Cool flame partial oxidation and its role in combustion and reforming of fuels for fuel cell systems
Published on Jan 1, 2003in Progress in Energy and Combustion Science26.47
· DOI :10.1016/S0360-1285(03)00018-2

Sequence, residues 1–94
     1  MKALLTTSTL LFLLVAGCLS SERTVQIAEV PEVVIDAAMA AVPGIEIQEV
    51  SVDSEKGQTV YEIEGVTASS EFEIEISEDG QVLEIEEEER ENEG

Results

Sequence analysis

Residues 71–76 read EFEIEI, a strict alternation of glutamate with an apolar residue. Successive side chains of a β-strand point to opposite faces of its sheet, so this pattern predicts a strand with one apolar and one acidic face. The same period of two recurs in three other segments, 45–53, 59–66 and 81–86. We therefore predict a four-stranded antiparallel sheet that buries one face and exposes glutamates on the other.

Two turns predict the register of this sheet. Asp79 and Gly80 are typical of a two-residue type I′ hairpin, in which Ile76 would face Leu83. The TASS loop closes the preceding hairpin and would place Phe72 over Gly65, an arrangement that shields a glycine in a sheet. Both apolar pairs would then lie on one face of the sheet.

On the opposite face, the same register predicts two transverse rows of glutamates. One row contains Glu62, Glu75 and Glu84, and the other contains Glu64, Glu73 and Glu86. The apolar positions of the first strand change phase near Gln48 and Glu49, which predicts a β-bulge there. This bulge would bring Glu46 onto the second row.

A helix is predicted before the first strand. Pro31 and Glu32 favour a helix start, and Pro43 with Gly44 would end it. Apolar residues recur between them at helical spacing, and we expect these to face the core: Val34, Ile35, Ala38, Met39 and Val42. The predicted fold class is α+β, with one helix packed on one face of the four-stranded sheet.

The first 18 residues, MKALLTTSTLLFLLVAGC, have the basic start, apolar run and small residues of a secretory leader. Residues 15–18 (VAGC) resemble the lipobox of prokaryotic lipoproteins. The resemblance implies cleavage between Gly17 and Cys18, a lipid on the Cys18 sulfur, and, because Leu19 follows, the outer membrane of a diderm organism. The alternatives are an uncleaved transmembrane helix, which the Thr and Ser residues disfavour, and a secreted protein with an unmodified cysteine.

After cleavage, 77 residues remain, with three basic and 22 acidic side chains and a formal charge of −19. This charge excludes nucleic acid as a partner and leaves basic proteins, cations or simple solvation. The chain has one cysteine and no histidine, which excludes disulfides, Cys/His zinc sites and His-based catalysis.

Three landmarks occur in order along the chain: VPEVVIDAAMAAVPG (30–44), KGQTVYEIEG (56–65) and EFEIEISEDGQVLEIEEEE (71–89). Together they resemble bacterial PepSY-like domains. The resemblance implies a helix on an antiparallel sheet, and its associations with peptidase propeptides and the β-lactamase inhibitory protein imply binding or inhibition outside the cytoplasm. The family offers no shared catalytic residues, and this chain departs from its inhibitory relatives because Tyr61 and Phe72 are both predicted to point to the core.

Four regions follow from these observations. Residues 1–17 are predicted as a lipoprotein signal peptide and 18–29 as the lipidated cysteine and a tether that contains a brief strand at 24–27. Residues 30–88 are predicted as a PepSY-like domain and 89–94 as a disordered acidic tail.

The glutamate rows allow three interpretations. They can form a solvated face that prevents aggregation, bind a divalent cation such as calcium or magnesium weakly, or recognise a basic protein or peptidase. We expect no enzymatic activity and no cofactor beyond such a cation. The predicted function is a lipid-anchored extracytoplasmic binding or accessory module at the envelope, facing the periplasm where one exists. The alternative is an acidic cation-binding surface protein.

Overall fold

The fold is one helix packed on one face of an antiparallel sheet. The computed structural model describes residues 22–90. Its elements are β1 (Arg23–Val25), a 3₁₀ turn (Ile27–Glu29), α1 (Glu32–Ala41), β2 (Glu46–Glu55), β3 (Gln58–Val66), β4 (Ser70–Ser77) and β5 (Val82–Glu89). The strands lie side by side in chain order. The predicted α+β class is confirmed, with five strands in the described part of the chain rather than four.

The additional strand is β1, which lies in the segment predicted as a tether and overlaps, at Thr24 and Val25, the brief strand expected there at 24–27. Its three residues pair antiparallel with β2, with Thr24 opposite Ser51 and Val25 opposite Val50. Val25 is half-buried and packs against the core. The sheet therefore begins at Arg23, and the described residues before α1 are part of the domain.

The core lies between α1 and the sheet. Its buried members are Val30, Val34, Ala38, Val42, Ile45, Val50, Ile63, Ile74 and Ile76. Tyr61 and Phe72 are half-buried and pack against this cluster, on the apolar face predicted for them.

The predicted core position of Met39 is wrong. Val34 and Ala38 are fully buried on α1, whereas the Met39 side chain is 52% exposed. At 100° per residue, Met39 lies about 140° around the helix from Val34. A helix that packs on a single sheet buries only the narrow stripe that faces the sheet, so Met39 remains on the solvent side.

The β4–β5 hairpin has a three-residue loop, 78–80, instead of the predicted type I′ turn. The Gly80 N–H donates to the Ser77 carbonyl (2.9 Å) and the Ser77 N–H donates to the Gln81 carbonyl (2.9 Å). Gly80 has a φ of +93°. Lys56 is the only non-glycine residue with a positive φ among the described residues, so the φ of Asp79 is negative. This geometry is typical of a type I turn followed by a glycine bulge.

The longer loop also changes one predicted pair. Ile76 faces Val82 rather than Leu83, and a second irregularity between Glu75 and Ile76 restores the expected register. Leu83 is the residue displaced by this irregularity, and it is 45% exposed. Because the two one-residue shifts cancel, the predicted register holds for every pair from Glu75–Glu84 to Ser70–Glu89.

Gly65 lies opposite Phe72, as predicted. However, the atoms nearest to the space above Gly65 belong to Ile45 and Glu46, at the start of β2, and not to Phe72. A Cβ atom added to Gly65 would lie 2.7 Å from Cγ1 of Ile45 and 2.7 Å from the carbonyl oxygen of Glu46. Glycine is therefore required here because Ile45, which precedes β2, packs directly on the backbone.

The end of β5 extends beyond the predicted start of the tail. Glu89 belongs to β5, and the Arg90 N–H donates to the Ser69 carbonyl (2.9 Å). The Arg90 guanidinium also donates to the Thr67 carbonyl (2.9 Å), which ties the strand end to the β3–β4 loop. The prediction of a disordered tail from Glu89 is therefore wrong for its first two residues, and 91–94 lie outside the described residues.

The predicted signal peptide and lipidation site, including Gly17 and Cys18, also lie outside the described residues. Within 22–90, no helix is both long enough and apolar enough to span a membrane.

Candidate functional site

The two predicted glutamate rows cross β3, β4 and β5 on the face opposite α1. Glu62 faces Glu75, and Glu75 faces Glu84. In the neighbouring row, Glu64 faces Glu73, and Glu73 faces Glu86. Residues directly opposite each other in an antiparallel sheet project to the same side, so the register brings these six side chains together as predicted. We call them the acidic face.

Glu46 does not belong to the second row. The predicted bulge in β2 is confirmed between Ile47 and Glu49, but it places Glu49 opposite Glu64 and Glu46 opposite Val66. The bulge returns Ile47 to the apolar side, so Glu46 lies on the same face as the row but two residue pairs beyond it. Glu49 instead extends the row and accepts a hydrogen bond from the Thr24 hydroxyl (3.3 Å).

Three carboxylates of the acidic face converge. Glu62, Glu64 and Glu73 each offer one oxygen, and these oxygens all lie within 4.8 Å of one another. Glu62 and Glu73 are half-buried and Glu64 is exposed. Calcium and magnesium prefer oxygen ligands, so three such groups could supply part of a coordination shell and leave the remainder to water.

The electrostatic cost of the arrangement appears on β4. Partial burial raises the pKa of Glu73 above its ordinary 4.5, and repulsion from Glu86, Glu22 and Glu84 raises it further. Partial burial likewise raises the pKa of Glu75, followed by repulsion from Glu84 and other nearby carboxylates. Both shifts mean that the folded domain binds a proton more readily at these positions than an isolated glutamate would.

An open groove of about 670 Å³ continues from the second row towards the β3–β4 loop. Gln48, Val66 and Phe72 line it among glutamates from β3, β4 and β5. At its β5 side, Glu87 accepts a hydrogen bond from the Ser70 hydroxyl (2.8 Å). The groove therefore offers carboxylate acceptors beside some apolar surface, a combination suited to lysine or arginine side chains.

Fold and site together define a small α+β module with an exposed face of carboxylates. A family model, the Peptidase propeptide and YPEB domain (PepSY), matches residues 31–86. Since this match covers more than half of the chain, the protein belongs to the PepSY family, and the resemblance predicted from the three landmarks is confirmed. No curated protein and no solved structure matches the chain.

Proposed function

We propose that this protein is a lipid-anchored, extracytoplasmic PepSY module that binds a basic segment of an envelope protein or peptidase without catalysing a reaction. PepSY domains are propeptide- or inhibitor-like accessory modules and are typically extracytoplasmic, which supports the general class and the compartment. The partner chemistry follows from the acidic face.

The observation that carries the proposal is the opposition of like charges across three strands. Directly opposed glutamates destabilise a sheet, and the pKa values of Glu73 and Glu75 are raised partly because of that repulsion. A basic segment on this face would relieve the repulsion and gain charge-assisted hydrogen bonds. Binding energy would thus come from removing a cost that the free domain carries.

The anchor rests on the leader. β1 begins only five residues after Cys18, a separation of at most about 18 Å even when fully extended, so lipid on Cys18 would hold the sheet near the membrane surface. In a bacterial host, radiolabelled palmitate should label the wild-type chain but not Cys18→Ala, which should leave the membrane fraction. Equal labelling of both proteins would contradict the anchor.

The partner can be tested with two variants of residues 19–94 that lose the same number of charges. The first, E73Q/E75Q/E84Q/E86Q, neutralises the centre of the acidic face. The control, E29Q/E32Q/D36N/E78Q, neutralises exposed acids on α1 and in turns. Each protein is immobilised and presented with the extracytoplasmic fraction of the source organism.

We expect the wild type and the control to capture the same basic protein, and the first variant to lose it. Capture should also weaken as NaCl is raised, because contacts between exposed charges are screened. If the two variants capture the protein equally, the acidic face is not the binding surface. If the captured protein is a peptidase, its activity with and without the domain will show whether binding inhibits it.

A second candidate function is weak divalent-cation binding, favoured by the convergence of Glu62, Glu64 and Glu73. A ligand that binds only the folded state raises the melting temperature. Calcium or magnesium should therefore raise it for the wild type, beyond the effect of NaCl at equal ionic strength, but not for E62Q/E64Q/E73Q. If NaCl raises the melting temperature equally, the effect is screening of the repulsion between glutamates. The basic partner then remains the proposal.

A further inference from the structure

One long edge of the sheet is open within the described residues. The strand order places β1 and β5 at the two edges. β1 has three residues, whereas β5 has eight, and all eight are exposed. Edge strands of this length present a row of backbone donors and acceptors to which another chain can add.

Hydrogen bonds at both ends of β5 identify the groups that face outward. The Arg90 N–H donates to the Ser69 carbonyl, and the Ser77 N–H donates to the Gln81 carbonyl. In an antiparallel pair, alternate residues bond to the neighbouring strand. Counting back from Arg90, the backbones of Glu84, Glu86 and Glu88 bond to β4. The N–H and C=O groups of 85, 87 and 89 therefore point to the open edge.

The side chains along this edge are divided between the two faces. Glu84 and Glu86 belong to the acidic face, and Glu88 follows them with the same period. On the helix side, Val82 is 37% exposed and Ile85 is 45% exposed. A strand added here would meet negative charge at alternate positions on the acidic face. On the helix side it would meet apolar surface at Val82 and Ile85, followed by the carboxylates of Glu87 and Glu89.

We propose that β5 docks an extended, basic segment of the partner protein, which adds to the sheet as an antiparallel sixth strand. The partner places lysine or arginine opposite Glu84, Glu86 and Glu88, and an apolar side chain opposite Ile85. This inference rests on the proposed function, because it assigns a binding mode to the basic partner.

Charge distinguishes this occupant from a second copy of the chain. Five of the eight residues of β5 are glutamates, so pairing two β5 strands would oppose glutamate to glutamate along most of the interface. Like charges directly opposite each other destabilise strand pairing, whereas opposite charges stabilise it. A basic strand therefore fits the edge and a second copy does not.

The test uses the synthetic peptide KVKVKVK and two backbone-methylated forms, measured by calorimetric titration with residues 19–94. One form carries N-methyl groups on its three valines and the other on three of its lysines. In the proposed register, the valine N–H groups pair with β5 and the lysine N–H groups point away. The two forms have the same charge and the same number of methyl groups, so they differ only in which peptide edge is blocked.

Abstract The purpose of this review was to integrate the most recent and relevant investigations on the auto-oxidation of fuel oils and their reforming into hydrogen-rich gas that could serve as a feed for fuel cells and combustion systems. We consider the incorporation of partial oxidation under cool flame conditions to be a significant step in the reforming process for generation of hydrogen-rich gas. Therefore, we have paid particular attention to the partial oxidation of fuels at low temperature in the cool flame region. This is still not a well-understood feature in the oxidation of fuels and can potentially serve as a precursor to low NO x emissions and low soot formation. Pretreatment, including atomization, vaporization and burner technology are also briefly reviewed. The oxidation of reference fuels ( n -heptane C 7 H 16 , iso -octane C 8 H 18 and to a lesser extent cetane C 16 H 34 ) in the intermediate and high temperature ranges have been studied extensively and it is examined here to show the significant progress made in modeling the kinetics and mechanisms, and in the evaluation of ignition delay times. However, due to the complex nature of real fuels such as petroleum distillates (diesel and jet fuel) and biofuels, much less is known on the kinetics and mechanisms of their oxidation, as well as on the resulting reaction products formed during partial oxidation. The rich literature on the oxidation of fuels is, hence, limited to the cited main reference fuels. We have also covered recent developments in the catalytic reforming of fuels. In the presence of catalysts, the fuels can be reformed through partial oxidation, steam reforming and autothermal reforming (ATR) to generate hydrogen. But optimum routes to produce cost effective hydrogen fuel from conventional or derivative fuels are still debatable. It is suggested that the use of products emanating from partial oxidation of fuels under cool flame conditions could be attractive in such reforming processes, but this is as yet untested. The exploitation of developments in oxidation, combustion and reforming processes is always impacted by the resulting emission of pollutants, including NO x , SO x , CO and soot, which have an impact on the health of the fragile ecosystem. Attention is paid to the progress made in innovative techniques developed to reduce the level of pollutants resulting from oxidation and reforming processes. In the last part, we summarize the present status of the topics covered and present prospects for future research. This information forms the basis for recommended themes that are vital in developing the next generation energy-efficient combustion and fuel cell technologies.